Self-styled Iranian prophet vows to oust clerics

Iran's clerical leadership will fall on Friday, if Iranian self-styled prophet Ahura Pirouz Khaleghi Yazdi -- whose broadcasts on a U.S.-based satellite channel have become hot gossip in Iran -- is to be believed.

Khaleghi's Web site (, based in California, says he will return to Iran on Friday to remove the "Terrorist Regime" using good thoughts, good words and good deeds, the central tenets of Zoroastrianism, Iran's pre-Islamic religion.

But Khaleghi's rhetoric has ruffled few feathers among the country's rulers.

"If they wanted to, they could easily have blocked his Web site. It is a sign they are not that worried," said one Tehran resident, Karim.

Although many Persian Weblogs dismiss the man as a lunatic, numerous protesters at minor pro-democracy demonstrations on Sunday said they were responding to his call.

Khaleghi, an aviation consultant, says he will charter 50 aeroplanes to bring the Iranian diaspora back from exile, in a clear parallel to Ayatollah Ruhollah Khomeini's arrival at the advent of the 1979 Islamic revolution.

"Everybody says Ahura is coming," said one grocer in central Tehran. "Even I know his Web site address and I do not have access to a computer. It is crazy, my friends in (the cities of) Shiraz and Isfahan are talking about him."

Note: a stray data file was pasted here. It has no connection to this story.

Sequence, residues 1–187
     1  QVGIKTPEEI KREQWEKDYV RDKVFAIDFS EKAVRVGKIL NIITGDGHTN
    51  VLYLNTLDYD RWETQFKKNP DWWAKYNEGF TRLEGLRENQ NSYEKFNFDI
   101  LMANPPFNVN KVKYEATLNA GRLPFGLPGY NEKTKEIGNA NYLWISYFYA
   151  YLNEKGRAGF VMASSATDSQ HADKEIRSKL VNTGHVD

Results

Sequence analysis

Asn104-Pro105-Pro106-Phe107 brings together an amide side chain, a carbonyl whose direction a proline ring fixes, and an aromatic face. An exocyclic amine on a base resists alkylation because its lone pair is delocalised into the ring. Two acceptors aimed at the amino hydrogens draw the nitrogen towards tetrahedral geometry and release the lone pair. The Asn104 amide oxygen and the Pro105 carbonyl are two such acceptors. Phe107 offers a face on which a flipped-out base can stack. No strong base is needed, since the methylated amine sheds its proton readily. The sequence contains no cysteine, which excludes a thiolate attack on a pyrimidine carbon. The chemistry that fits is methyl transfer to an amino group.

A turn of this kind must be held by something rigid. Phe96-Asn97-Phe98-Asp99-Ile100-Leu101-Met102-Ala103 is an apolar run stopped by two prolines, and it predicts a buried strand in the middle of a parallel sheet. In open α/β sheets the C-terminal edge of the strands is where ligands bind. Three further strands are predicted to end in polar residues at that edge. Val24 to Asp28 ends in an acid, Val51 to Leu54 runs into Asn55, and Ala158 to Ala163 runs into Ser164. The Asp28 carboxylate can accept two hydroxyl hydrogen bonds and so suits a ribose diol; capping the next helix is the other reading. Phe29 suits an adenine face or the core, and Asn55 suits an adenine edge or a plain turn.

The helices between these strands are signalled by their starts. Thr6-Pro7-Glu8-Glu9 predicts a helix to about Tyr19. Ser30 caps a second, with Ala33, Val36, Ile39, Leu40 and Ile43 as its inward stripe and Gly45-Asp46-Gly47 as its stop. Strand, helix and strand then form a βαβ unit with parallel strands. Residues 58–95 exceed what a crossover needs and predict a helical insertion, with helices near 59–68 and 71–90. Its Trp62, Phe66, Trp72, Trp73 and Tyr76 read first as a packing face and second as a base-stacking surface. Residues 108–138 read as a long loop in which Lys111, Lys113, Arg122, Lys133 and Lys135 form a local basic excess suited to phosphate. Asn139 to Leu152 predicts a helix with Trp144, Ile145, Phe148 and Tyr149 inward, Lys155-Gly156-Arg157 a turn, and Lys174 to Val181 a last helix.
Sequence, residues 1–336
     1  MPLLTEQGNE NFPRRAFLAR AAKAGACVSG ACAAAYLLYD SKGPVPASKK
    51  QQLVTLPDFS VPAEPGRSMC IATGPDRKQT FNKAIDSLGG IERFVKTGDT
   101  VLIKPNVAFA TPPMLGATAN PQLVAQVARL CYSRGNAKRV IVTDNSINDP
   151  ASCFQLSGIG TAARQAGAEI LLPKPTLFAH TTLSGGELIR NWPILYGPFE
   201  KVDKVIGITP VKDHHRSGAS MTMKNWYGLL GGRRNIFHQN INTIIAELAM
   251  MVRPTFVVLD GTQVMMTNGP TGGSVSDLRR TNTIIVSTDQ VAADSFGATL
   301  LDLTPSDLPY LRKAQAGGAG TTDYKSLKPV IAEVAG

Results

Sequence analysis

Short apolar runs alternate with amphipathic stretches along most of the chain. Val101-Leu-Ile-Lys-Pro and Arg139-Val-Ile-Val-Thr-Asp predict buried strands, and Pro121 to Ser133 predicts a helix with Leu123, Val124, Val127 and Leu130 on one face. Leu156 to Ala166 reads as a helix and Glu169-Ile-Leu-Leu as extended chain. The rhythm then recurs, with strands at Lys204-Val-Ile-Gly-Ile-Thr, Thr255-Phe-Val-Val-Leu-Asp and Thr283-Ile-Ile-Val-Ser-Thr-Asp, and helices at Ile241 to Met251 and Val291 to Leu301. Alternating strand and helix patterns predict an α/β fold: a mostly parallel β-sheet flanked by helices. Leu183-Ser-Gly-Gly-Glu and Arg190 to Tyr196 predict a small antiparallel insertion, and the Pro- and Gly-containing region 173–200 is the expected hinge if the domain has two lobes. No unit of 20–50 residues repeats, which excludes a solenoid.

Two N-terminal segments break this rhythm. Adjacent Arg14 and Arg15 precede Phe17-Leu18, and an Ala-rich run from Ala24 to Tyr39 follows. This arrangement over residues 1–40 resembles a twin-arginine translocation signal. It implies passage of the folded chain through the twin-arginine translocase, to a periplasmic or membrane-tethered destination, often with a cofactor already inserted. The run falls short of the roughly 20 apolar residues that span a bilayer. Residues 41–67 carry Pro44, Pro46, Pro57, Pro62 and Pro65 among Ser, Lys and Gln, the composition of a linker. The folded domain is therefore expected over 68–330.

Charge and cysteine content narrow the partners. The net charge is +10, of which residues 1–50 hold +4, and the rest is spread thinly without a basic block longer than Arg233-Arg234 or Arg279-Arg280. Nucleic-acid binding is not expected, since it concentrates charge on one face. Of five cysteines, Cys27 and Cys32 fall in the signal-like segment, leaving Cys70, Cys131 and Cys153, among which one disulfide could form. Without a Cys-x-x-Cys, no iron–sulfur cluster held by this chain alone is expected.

A state radio comedy on Friday mornings has turned Khaleghi into a figure of fun, dancing the "babakaram", a sultry Arabian-style dance on his return to Iran.


His choice of arrival date is no accident. Friday is not only a major Zoroastrian festival but also the birthday of the Mahdi, the 12th of the Shi'ite Imams, descendants of the prophet Mohammad, who disappeared in the ninth century.

Iranian Shi'ites, many of whom believe the Mahdi will return to save the country, will be celebrating on Friday, packing the streets under gawdy decorations, handing out pastries.

Although Khaleghi's Web site is loaded with Zoroastrian iconography, the hardline newspaper Jomhuri-ye Eslami pointed out that his real name was the Muslim-sounding "Fatollah", and played on his lowly origins as a sergeant in the Shah's airforce.

"Ahura Pirouz" means victory of Ahura, the Zoroastrian good God who fought Ahriman, the embodiment of evil.

"The risible claims of this charlatan, using U.S. satellite channels, have brought a few impressionable people onto the streets," Jomhuri-ye Eslami wrote in its editorial.

While some Iranians complained on Tuesday that Khaleghi's platform, the "Rangarang" (Multicoloured) channel, was being scrambled, Persian gossip columns have mainly suggested that he needs urgent psychiatric attention. Some joke the Iranian airforce will simply shoot him down in mid-air.

But his Web site still sports a digital clock, counting down to the day he will arrive in Tehran's Azadi (Freedom) Square.